End of Part II
Suddenly and without warning, I am old. And I’m starting to feel like it. I get out of bed with aches and pains that I didn’t have when I went to bed.When I realize how much time has gone by in my life, it makes me want to reminisce, although very often it makes me melancholy to do so, because the only way I can go back is in my head and on these pages.
When I was a kid, we left the house in the morning and came back for lunch, dinner, and when it got dark. A cliché by now I know, but that was the reality. Other than those three times, we were expected to be gone, out of the house, and out of our mothers’ hair. They had adult things to do and we had kid things to do. It was just the natural order of the universe. The only time I stayed in the house was on selected Saturday afternoons, starting at 3:00 p.m., when the original Chiller Theater was on. It was non-negotiable. Black and white movies on a black and white television. This was where I learned about Godzilla, The Monster from the Black Lagoon, Them, The Thing, and one of my obsessions, Molepeople.
I don’t want you to think that my parents didn’t care about me. There were certain restrictions regarding my outdoor adventures. We were not allowed behind the bible, the large stone and concrete bible monument at the edge of the cemetery we lived next to. It was (technically) cemetery property, but practically it was an adventure park that was fueled at least by the fact that it was forbidden; also because John, the cemetery caretaker in his red pickup truck, liked to eat children who wandered onto cemetery property. He was fast, but he wasn’t kid fast.While John couldn’t catch us, I’m afraid that karma could, and did.
One sunny October day the bunch of us went back there to play. We were dressed, luckily, in long-sleeve sweatshirts and jeans. We got behind the bible and I sat down on the ground and kept hearing a loud buzzing sound. I had sat my ass down directly on top of a hornets’ nest. All of the hornets were home because it was swarming season. They were not a bit happy about being disturbed and rose up in a huge cloud of buzzing anger. You have never seen a group of eight-year-olds run so fast in your life. The great part was that the chubbiest, slowest kid in the group was a blur as he passed us up like we were chained to a fence and he was on fire. When I got home I had hundreds of hornets hanging all over my sweatshirt. I’d only been stung a few times in the neck. My mother, assuming that they were all either dead or worn out, began swatting at them with the dish towel she was carrying. They were not in fact dead but very much alive and now really really angry. They swarmed all around and I think I took a few more shots to my head. Finally they dissipated and I was left with welts and one sweet bunch of explaining to do.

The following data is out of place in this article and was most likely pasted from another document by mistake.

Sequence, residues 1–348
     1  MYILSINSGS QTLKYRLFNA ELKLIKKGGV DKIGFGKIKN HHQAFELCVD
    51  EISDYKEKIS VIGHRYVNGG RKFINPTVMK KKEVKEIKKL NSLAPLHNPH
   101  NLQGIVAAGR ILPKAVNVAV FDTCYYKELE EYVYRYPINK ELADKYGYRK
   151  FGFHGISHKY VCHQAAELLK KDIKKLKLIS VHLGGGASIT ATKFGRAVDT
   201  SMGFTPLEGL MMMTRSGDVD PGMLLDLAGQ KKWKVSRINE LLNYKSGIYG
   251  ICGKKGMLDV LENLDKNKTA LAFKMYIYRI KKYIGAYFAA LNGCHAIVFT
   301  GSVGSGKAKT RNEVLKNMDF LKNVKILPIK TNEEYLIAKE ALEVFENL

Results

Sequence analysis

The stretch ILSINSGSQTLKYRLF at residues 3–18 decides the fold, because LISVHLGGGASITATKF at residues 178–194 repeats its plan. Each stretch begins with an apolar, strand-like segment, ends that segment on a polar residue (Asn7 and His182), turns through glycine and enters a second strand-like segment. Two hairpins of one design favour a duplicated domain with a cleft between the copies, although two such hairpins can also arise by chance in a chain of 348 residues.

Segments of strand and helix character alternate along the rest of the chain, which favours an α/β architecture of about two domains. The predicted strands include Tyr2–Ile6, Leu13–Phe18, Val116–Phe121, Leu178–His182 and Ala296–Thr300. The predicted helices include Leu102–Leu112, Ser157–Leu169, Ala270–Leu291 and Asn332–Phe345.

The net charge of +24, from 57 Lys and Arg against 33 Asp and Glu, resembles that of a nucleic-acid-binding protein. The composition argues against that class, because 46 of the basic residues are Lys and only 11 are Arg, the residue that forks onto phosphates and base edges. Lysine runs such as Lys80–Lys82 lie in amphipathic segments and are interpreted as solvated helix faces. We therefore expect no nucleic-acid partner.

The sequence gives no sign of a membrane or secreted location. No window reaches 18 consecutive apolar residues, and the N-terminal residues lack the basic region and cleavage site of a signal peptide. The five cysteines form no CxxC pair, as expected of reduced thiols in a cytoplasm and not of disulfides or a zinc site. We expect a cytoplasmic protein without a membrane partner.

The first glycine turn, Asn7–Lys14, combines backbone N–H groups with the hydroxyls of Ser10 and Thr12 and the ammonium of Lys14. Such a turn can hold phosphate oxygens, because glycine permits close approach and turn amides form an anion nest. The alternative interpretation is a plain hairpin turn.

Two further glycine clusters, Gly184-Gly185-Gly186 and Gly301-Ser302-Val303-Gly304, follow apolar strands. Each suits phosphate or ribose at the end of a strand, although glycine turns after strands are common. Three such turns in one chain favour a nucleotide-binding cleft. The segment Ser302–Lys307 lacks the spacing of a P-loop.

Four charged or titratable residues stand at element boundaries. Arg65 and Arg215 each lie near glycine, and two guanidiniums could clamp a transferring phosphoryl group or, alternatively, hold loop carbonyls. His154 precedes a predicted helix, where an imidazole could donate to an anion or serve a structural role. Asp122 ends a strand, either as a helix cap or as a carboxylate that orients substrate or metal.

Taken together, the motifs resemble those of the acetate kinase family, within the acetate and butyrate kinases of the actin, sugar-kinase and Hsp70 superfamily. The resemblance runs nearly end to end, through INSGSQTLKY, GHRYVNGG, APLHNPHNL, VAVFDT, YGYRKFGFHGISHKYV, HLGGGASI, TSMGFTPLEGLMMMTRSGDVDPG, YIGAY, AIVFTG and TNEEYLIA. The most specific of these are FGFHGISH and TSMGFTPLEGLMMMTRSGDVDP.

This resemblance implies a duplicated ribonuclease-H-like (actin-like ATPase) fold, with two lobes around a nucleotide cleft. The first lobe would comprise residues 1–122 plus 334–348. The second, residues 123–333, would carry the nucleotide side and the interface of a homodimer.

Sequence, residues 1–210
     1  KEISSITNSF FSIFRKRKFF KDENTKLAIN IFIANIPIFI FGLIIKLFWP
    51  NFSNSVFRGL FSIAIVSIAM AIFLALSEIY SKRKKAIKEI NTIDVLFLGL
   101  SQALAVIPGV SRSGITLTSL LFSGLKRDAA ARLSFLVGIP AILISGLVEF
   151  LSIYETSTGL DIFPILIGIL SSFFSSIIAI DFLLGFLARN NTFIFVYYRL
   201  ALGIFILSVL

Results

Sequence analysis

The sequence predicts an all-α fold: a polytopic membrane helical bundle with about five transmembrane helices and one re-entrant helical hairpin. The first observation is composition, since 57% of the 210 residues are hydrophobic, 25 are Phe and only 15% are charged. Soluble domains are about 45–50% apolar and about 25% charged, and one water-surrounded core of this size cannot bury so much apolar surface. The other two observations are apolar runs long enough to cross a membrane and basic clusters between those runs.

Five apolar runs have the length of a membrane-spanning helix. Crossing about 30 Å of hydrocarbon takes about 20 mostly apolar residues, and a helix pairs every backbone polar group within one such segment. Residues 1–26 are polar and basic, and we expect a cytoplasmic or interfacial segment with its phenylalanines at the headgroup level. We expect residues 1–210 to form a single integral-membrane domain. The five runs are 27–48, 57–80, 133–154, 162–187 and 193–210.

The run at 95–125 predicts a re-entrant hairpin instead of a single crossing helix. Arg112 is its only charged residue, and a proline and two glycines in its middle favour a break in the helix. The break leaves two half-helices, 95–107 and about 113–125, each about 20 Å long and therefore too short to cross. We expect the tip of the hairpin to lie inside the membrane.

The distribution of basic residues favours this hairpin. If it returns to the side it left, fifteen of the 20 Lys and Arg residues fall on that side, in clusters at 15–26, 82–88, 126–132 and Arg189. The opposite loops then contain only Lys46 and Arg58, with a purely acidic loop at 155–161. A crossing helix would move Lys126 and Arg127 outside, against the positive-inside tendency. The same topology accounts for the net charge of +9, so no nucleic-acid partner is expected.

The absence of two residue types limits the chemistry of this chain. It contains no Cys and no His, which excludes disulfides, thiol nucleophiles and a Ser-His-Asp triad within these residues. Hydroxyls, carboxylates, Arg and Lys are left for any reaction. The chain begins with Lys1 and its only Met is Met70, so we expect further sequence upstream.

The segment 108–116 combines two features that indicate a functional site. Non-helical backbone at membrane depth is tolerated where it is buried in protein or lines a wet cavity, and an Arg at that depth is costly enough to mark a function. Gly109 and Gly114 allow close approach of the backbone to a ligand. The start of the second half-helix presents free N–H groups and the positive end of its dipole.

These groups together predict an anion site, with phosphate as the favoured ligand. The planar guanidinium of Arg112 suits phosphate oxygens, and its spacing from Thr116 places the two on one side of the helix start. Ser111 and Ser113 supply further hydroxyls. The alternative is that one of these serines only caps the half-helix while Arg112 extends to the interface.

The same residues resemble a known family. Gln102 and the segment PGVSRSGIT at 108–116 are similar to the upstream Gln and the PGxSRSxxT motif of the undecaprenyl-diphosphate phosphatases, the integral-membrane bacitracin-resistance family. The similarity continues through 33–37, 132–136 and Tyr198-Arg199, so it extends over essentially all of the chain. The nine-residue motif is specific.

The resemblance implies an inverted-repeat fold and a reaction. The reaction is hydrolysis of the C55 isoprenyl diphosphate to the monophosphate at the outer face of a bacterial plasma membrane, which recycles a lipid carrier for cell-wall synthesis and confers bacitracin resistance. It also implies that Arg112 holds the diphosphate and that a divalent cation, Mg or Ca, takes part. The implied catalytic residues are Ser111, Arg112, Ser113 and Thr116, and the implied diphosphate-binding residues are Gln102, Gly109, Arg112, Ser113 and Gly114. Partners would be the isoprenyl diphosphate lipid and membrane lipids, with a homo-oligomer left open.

Another forbidden zone was about a mile away down a large hill, and through a bit of woods. That was the old brick garbage incinerator (still there, by the way). Now there was a target that was tempting beyond imagination. An abandoned structure. Kids. They just go together. My mother always told me to stay away from there; that bums lived there. That of course was the type of scare tactic used by mothers since forever, but she might as well have said that little kitties lived there and we should go pet them. We wandered around the area quite a bit, off and on, and of course the anticipation was much greater than the reality. Until one day we ran across a fresh campfire with used tin cans strewn about. That sprint was not quite equal to the sprint away from the hornets’ nest, but it may have set a new one-mile record.